How to Switch From Medicare to Medicaid

Changing from Medicare to Medicaid is possible for individuals who need more extensive healthcare coverage. To start the process, contact your local Medicaid office to inquire about eligibility. Depending on your state of residence, there might be specific income and asset limits you need to meet. Once you have determined your eligibility, you can apply for Medicaid benefits through the appropriate channels, such as online, via mail, or in person at a designated location. If approved, your Medicaid coverage will begin on a specified date, and you will receive a Medicaid card that serves as proof of your enrollment. Remember that transitioning from Medicare to Medicaid may affect your current benefits and coverage, so it’s crucial to carefully consider your situation and consult with healthcare professionals to ensure a smooth change.

Understanding Eligibility Requirements

Eligibility for switching from Medicare to Medicaid varies by state and is determined by factors such as income, assets, and health status. Generally, individuals must meet the following criteria:

  • Be a citizen or qualified non-citizen of the U.S.
  • Meet the age requirement for Medicare (65 or older, disabled, or with end-stage renal disease).
  • Meet income and asset limits set by your state’s Medicaid program.
  • Depending on your state, you may need to meet additional requirements, such as having a disability or being in a nursing home.

Medicaid Programs That Cover Dual-Eligible Individuals

Individuals eligible for both Medicare and Medicaid are considered “dual-eligible” and have various Medicaid programs available to them:

  • Full Medicaid Coverage: Provides full coverage for all medically necessary services, including Medicare Part A and B benefits.
  • Medicare Savings Programs (MSPs): Offers financial assistance to help pay Medicare premiums, deductibles, and coinsurance.
  • Qualified Medicare Beneficiary (QMB) Program: Provides full Medicaid coverage to individuals who pay their Medicare premiums.
Medicaid Programs for Dual-Eligible Individuals
Program Coverage Financial Assistance
Full Medicaid Coverage All medically necessary services, including Medicare Part A and B benefits None
Medicare Savings Programs (MSPs) Help with Medicare premiums, deductibles, and coinsurance Varies depending on income and assets
Qualified Medicare Beneficiary (QMB) Program Full Medicaid coverage Individual must pay Medicare premiums

To apply for Medicaid to switch from Medicare, contact your state’s Medicaid office or visit the Centers for Medicare & Medicaid Services (CMS) website. You can also seek assistance from a local agency that helps people with Medicare and Medicaid.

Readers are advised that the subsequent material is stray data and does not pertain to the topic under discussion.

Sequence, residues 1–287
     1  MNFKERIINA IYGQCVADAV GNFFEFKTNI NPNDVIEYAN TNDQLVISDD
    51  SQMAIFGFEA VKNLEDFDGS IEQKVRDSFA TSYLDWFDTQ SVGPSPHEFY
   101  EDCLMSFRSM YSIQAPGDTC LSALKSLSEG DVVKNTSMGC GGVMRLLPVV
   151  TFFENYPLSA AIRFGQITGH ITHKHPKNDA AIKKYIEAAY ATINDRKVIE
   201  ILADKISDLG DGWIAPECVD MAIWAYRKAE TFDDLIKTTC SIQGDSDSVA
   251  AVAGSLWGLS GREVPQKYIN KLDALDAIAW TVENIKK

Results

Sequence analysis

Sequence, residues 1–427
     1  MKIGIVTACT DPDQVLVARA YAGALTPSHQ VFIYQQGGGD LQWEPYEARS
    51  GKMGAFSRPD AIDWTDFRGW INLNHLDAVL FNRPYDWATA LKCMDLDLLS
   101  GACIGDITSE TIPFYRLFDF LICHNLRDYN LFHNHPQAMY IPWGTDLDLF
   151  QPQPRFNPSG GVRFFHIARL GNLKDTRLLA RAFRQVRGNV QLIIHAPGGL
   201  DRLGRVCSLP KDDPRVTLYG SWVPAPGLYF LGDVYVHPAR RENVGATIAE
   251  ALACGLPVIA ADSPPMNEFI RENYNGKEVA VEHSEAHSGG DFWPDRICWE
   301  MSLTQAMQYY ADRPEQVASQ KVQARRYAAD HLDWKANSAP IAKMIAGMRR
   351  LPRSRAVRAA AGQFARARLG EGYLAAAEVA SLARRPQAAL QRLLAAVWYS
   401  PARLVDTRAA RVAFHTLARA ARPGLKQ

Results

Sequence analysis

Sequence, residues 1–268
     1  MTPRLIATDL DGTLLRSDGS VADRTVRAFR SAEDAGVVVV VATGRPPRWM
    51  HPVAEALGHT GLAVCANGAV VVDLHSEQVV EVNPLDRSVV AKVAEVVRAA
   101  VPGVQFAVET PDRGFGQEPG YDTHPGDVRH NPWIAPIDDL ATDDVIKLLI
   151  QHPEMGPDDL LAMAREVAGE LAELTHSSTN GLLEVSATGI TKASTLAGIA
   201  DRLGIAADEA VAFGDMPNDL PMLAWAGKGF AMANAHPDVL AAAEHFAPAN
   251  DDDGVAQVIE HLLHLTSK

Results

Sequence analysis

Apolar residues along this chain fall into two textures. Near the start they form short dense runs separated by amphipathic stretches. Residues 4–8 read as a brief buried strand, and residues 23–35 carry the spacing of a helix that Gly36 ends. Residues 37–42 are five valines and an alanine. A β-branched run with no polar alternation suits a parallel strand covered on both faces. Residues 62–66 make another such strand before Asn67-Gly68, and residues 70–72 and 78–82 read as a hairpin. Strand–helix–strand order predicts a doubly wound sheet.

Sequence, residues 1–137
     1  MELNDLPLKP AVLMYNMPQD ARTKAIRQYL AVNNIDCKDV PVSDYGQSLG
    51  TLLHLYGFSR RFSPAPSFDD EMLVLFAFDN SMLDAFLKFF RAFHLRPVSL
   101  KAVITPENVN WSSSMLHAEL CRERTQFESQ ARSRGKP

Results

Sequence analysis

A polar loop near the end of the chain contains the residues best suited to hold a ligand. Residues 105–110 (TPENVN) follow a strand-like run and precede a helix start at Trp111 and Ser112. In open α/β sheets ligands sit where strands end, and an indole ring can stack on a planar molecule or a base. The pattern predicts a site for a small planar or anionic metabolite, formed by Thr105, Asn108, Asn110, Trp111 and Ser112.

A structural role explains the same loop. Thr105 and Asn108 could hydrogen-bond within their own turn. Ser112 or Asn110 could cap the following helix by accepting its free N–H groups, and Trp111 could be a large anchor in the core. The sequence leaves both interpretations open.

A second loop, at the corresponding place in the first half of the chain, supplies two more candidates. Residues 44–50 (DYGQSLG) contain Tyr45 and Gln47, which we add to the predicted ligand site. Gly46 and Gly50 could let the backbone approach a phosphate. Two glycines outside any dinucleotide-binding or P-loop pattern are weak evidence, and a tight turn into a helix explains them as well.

It’s important to note that switching from Medicare to Medicaid may affect your coverage and benefits. However, Medicaid can provide comprehensive coverage for individuals with limited income and assets, ensuring access to necessary healthcare services.

Eligibility for Medicaid and Medicare

Medicare is a health insurance program for people aged 65 or older, people with disabilities, and people with end-stage renal disease. Medicaid is a health insurance program for people with low income and limited resources. To qualify for Medicaid, you must meet certain income and asset limits. In most states, you must also be a U.S. citizen or a legal resident.

Filing an Application

To apply for Medicaid, you can contact your state’s Medicaid office or apply online. You will need to provide information about your income, assets, and household size. You may also need to provide proof of your U.S. citizenship or legal residency.

Once you have applied for Medicaid, you will be assigned a caseworker who will review your application and determine if you are eligible. If you are approved for Medicaid, you will receive a Medicaid card that you can use to get health care services.

Using Medicaid and Medicare Together

If you are eligible for both Medicaid and Medicare, you can use both programs to get health care coverage. Medicare will pay for most of your medical expenses, and Medicaid will pay for any remaining expenses that Medicare does not cover. You can also use Medicaid to get long-term care services, such as nursing home care or home health care.

If you are eligible for both Medicare and Medicaid, you will need to coordinate your benefits so that you do not end up paying for the same services twice.

Switching From Medicare to Medicaid